Taiwan’s NextGen seeks to expand nation’s soft power

15-May-2021 Intellasia | TaiwanNews | 5:02 AM Print This Post

In just five years, Taiwan NextGen Foundation (NextGen) has made a name for itself as a policy research powerhouse in the nation’s political and foreign diplomatic circles.

Established in 2016 by Democratic Progressive Party (DPP) Legislator Chen Ming-wen, the non-profit think tank and education foundation is dedicated to policy research and public advocacy. The aim is to address Taiwan’s three major challenges: globalisation, cross-strait relations, and democratic and societal transitions.

Chen Kuan-ting, CEO of the foundation, told Taiwan News that while other think tanks like the Chung-Hua Institution Economic Research conduct quantitative studies, he wants NextGen to do more. “I believe think tanks and NGOs have a social responsibility,” Chen said.

Despite our small team, we want to increase Taiwan’s visibility in the world, boost the nation’s soft power, and help promote government ideas such as the New Southbound Policy, the CEO explained, adding the think tank also wants to engage with Taiwan’s liked-minded allies.

As a result, the foundation’s research spectrum is quite wide, covering topics such as social welfare, public health, national security, geopolitics, and freedom of the press. “Basically, any topics the Legislative Yuan needs to be informed about, we will study as well,” Chen said.

The CEO is not shy about the think tank’s links to the government. “We have a close relationship with elected officials. Not directly with the government, but with representatives,” he stressed.

This gives the organisation some freedom, Chen pointed out, adding that, “We don’t have to worry about whether our work will affect our relationship with the government.” The only concerns NextGen has are whether it is doing the right thing and whether a message is delivered in the right manner, he said.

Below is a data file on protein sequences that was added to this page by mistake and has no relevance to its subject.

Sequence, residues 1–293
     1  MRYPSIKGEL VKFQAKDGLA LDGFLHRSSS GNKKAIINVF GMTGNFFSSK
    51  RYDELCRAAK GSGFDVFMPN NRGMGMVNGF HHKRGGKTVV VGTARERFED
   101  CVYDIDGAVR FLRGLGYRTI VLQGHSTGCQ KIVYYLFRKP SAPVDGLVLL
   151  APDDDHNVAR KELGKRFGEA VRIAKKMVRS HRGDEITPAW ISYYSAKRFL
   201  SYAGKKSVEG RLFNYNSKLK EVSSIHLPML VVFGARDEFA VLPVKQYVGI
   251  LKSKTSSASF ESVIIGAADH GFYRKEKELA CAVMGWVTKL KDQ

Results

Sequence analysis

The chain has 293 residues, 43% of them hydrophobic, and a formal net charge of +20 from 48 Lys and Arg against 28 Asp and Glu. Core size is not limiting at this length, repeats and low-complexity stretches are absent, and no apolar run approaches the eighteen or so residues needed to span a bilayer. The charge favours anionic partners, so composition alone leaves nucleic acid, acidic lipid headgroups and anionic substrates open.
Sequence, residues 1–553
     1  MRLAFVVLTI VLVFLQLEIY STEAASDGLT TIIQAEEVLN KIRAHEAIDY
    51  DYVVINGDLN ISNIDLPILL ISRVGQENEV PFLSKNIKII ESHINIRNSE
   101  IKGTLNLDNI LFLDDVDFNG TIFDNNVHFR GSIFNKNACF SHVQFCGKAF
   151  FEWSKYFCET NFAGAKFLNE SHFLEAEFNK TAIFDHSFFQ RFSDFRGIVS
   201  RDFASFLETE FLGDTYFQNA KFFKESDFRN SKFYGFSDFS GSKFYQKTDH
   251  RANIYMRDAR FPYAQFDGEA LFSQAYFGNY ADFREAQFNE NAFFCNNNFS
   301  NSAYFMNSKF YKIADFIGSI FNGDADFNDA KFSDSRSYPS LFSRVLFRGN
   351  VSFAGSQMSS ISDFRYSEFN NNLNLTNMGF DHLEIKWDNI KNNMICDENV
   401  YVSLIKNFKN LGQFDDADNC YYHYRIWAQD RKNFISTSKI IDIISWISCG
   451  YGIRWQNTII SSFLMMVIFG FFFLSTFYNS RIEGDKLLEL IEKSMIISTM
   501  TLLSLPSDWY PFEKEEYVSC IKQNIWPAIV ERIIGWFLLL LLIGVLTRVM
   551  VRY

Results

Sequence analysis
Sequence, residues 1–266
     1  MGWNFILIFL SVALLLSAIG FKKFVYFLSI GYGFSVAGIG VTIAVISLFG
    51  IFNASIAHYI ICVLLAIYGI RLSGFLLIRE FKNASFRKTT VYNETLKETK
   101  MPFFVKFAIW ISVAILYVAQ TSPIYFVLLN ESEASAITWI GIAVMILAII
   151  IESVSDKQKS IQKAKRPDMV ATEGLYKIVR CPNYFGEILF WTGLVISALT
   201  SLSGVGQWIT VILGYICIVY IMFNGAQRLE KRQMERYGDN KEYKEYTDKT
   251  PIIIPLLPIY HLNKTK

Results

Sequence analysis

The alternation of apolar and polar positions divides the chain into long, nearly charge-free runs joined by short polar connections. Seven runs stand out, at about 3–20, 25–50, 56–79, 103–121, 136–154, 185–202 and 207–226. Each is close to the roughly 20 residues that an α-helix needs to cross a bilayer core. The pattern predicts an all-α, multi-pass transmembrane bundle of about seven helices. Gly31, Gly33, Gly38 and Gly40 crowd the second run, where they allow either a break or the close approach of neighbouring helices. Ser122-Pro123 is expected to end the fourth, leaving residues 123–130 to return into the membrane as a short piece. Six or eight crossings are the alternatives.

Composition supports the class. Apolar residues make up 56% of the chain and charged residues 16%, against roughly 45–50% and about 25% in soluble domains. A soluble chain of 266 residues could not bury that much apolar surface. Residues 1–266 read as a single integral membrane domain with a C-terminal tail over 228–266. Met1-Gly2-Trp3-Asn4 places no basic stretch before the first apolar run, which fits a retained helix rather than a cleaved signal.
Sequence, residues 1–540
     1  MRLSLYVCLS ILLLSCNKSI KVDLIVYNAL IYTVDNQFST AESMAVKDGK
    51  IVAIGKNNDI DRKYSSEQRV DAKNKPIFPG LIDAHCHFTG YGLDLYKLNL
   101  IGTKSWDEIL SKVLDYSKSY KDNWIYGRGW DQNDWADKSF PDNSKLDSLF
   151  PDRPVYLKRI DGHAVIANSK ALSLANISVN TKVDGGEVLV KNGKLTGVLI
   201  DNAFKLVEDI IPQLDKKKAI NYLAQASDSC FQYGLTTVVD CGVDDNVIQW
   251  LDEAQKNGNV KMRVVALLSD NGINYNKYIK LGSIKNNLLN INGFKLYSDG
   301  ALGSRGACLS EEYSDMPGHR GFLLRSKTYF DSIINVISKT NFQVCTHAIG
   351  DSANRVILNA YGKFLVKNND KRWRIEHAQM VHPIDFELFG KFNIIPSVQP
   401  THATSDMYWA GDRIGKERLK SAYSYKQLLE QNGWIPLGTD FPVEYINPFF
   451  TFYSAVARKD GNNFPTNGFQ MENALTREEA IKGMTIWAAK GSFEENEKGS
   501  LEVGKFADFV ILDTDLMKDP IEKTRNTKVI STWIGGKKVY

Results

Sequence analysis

In order for the think tank to be successful in its mission, it has adopted a grassroots approach to policy research. We need to receive firsthand information from the public, Chen said, “So, when we invite speakers, we love to provide opportunities for the public to join us in order to understand the reasons behind each and every government policy.”

However, we also want to hear from the public, the CEO said. “What are their opinions? What do you want? What do you want to change?”

Chen pointed out that NextGen has held several panels and forums about Indo-Pacific security strategy with the Chang Yung-Fa Foundation and National Chengchi University.

The think tank also holds monthly Global Taipei Dialogue events and organises a workshop managed by researchers called NextGen Voices. This is an eight-week programme that recruits high school and college students and teaches them soft skills, such as English, Chen said.

The CEO noted that Taiwan focuses too much on standardised tests and college entrance exams and not enough on improving real-world skills.

During the workshop, scholars ask students to write articles covering various topics such as diplomacy. “Each week, we invite politicians including legislators or INGO leaders like Greenpeace to give lectures,” Chen said. Through this process, the students are exposed to public policy.

The CEO said language is a tool to connect with the world and to expand the nation’s soft power. It allows Taiwanese to let the world know what we represent and what our values are, he stated, adding that it has to start from the younger generation.



Category: Taiwan

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